Incendiary language against the victims is freely used. Women who are raped or sexually assaulted get no sympathy or assistance. When the riot victims form makeshift relief camps, the authorities harass them and try to make them leave. The victims have to struggle for years before the authorities finally provide some compensation for the death, injury and destruction they have suffered. As for the perpetrators of the violence, they get away since the police and the government do not gather evidence, conduct no investigation and appoint biased prosecutors, thereby sabotaging the chances of conviction and punishment. With some modifications here and there, this is the same sickening script which played out in Gujarat in 2002, when Muslims were the targeted group. On a smaller scale, all victims of organised, targeted violence – be they Tamils in Karnataka or Hindi speakers in Maharashtra or Dalits in Haryana and other parts of the country – know from experience and instinct that they cannot automatically count on the local police coming to their help should they be attacked. If one were to abstract the single most important stylised fact from the Indian “riot system”, it is this: violence occurs and is not immediately controlled because policemen and local administrators refuse to do their duty. It is also evident that they do so because the victims belong to a minority group, precisely the kind of situation the Constituent Assembly had in mind when it wrote Article 15(1) of the Constitution: “The State shall not discriminate against any citizen on grounds only of religion, race, caste, sex, place of birth or any of them”. How are policemen and officials able to get away with violating the Constitution in this manner? Because they know that neither the law nor their superiors will act against them.

What we need, thus, is not so much a new law defining new crimes (although that would be useful too) but a law to ensure that the police and bureaucrats and their political masters follow the existing law of the land. In other words, we need a law that punishes them for discriminating against citizens who happen to be minorities. This is what the draft Prevention of Communal and Targeted Violence (Access to Justice and Reparations) Bill, 2011 does. The CTV bill sets out to protect religious and linguistic minorities in any State in India, as well as the Scheduled Castes and the Scheduled Tribes, from targeted violence, including organised violence. Apart from including the usual Indian Penal Code offences, the NAC draft modernises the definition of sexual assault to cover crimes other than rape and elaborates on the crime of hate propaganda already covered by Section 153A of the IPC. Most importantly, it broadens the definition of dereliction of duty – which is already a crime – and, for the first time in India, adds offences by public servants or other superiors for breach of command responsibility. “Where it is shown that continuous widespread or systematic unlawful activity has occurred,” the draft says, “it can be reasonably presumed that the superior in command of the public servant whose duty it was to prevent the commission of communal and targeted violence, failed to exercise supervision … and shall be guilty of the offence of breach of command responsibility.” With 10 years imprisonment prescribed for this offence, superiors will hopefully be deterred from allowing a Delhi 1984 or Gujarat 2002 to happen on their watch.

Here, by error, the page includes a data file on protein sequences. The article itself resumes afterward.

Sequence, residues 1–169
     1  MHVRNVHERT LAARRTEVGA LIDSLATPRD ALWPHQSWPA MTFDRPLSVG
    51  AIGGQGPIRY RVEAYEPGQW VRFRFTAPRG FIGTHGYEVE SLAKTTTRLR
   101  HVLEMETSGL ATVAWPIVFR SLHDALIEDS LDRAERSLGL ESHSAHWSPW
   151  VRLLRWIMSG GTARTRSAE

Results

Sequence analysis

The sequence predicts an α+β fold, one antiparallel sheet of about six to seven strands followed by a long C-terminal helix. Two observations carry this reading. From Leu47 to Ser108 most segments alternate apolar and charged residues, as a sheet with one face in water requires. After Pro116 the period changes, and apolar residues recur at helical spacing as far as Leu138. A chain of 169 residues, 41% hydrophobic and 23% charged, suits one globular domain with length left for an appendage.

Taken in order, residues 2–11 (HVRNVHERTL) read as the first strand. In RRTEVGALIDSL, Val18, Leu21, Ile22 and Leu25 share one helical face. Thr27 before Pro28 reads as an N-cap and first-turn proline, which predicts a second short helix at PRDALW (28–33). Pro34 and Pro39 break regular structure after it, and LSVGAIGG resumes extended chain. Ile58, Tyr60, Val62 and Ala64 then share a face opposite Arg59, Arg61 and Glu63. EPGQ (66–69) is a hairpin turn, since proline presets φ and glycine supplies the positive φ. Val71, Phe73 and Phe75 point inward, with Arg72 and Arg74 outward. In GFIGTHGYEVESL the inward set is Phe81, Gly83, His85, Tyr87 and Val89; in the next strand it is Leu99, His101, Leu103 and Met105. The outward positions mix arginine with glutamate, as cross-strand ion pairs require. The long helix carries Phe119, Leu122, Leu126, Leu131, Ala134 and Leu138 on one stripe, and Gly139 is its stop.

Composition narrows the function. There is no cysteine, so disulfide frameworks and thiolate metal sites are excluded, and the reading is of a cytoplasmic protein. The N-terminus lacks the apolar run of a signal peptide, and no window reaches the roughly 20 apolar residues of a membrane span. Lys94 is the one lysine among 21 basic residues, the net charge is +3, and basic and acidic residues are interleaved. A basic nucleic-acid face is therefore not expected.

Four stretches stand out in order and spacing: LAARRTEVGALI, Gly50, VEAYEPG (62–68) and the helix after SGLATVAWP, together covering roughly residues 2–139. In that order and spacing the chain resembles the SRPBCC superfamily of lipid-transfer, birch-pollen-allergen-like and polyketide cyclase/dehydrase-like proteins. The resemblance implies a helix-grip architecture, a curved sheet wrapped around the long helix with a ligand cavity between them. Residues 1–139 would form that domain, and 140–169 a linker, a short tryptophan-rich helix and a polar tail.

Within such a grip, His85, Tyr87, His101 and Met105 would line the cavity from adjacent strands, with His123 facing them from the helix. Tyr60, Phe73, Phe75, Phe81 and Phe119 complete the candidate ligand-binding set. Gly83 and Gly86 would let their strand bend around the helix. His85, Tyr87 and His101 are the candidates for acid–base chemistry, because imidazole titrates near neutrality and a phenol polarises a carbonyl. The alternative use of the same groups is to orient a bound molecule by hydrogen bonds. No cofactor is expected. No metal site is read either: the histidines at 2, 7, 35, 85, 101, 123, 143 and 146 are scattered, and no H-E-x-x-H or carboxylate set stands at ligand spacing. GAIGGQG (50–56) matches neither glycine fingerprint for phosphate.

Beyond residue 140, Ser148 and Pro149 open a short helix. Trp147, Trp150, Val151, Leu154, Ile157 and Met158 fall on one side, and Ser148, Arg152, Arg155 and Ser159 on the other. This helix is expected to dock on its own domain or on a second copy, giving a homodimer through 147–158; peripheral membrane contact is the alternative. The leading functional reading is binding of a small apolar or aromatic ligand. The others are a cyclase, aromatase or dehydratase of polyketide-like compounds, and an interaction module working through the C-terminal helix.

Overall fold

Another important feature is the dilution of the standard requirement that officials can only be prosecuted with the prior sanction of the government. The CTV bill says no sanction will be required to prosecute officials charged with offences which broadly fall under the category of dereliction of duty. For other offences, sanction to prosecute must be given or denied within 30 days, failing which it is deemed to have been given. Although the bill says the reasons for denial of sanction must be recorded in writing, it should also explicitly say that this denial is open to judicial review. Another lacuna the bill fills is on compensation for those affected by communal and targeted violence. Today, the relief that victims get is decided by the government on an ad hoc and sometimes discriminatory basis. Section 90 and 102 of the CTV bill rectify this by prescribing an equal entitlement to relief, reparation, restitution and compensation for all persons who suffer physical, mental, psychological or monetary harm as a result of the violence, regardless of whether they belong to a minority group or not. While a review of existing state practice suggests victims who belong to a religious or linguistic ‘majority’ group in a given state do not require special legal crutches to get the police or administration to register and act on their complaints, the CTV bill correctly recognises that they are entitled to the same enhanced and prompt relief as minority victims. The language of these Sections could, however, be strengthened to bring this aspect out more strongly. The CTV bill also envisages the creation of a National Authority for Communal Harmony, Justice and Reparation.